The Snatch and Clean and Jerk.  The Snatch has been called the most athletic movement in sport and the clean and Jerk has allowed humans to lift over 500 lbs over head.  The only movement in which we have been able to do that.  These movements have the unique ability to both produce power and strength.  Provided your technique is sufficient, you will get stronger using the Olympic Lifts.

First, your power production will be improved by jumping.  Jumping with weight only makes that power production higher.  Jumping does a couple things:

  • Improves neuromuscular recruitment.  That means activating more neurons on your muscles.
  • Recruits more muscles and increase blood flow allowing for greater force production later in the workout.
  • Jumping with weight allows you to jump higher/farther without weight.

While Jumping is something that we always want to be able to do and jumping higher is just plain fun, there are other benefits to the Olympic lifts.   For just about everyone in the gym, improving flexibility and mobility would both help with performance and help you live a healthier higher functioning life.  By this, you will be able to do more and move better.  The olympic lifts, especially the snatch, will give you the tools to improve your movement.  We can use accessory stretching to aid with this, but with the goal of getting into better positions with the lifts.

Next segment, we talk about classic strength training and the movements we use.

– Dutch Lowy

Thursday S&C Workout:
SN pull+SN x1+1,
Goodmorning x6;

1k row then 12-9-6 reps of:
DB Push Press,
Box jumps

My … Hurts. Part II

The second type of pain is chronic pain. Chronic pain is sometimes caused acutely, but is not given enough time to heal or can be caused by over use, or poor movement patterns. You can see how fixing a movement patter would alleviate pain associated with a movement.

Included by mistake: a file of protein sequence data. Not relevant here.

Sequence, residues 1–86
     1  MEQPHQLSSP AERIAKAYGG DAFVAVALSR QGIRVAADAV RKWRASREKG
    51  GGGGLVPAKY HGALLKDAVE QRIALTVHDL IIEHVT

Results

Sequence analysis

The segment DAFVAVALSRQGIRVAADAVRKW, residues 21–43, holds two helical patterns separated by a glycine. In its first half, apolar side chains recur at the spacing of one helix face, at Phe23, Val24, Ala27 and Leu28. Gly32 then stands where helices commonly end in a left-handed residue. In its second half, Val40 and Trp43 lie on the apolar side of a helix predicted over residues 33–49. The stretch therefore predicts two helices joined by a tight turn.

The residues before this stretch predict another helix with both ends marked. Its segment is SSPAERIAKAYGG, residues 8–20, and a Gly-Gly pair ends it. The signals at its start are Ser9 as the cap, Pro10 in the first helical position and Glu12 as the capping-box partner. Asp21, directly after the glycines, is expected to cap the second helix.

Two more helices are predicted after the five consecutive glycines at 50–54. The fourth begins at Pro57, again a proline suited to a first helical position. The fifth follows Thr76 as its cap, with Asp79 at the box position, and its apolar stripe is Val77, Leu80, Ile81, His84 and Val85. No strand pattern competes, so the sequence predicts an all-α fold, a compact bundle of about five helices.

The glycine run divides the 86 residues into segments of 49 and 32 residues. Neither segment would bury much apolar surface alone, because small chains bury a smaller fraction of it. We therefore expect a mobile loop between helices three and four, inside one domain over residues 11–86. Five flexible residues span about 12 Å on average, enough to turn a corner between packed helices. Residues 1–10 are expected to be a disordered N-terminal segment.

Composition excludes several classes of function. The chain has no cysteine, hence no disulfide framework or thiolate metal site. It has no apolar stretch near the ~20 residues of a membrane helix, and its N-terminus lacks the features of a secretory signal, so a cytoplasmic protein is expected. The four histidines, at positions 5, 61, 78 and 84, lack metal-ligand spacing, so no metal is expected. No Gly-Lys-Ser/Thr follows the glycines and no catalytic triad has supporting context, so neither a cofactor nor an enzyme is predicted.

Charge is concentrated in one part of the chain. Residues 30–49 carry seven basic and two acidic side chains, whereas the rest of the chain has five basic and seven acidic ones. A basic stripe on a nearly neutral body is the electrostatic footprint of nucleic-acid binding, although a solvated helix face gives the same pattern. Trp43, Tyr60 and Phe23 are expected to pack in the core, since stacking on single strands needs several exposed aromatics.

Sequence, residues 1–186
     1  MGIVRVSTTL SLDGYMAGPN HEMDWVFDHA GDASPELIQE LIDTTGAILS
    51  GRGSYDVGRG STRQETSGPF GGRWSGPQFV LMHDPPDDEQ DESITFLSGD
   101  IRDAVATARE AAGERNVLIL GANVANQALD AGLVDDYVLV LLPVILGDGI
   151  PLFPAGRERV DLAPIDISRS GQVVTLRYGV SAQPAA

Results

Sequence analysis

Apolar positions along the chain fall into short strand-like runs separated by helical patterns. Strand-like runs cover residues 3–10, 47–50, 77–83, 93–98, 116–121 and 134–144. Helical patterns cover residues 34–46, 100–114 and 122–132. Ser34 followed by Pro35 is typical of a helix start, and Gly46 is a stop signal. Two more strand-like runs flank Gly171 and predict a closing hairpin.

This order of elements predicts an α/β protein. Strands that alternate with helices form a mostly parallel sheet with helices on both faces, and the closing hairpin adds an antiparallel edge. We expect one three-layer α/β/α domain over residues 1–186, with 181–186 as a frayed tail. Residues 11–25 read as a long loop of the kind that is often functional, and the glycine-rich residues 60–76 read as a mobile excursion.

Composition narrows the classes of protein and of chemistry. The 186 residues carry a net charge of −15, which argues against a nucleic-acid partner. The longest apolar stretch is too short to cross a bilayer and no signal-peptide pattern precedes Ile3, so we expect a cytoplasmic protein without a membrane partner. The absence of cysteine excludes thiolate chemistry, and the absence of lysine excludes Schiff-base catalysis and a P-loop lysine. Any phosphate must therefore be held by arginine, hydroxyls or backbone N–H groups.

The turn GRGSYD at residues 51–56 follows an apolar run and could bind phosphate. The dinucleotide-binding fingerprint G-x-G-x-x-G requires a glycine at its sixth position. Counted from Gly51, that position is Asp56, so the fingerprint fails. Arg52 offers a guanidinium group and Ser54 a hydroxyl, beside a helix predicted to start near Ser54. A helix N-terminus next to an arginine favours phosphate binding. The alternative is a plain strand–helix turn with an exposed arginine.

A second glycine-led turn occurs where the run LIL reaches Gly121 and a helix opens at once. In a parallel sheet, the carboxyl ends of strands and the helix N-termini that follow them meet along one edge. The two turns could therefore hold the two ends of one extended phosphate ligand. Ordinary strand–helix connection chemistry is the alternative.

For example, if your knees hurt when you squat, maybe you are shifting too far forward into your toes and putting unneeded stress on your quads which causes strain on the patella tendon and over time will get inflamed and cause pain. This pain can be fixed with some time off and a correction of the squat.

Over use issues are also easily addressed once you figure out the movement that is causing issues. You can either modify the movement or balance it better so there isn’t quite so much tension around the area of pain.

Chronic pain caused by acute injuries can be fixed by taking some time off. The continual bombarding of an area of pain will only serve to make it worse over time.

Of course the decision as to whether an injury is bad enough to keep you from training is your call. I train with pain on a daily basis, but that doesn’t mean it’s good to do. I believe to perform at a high level you have to overlook a bit of sensitivity in your body, but if you aren’t interested in performing at high levels then maybe it’s a better idea to take some time off.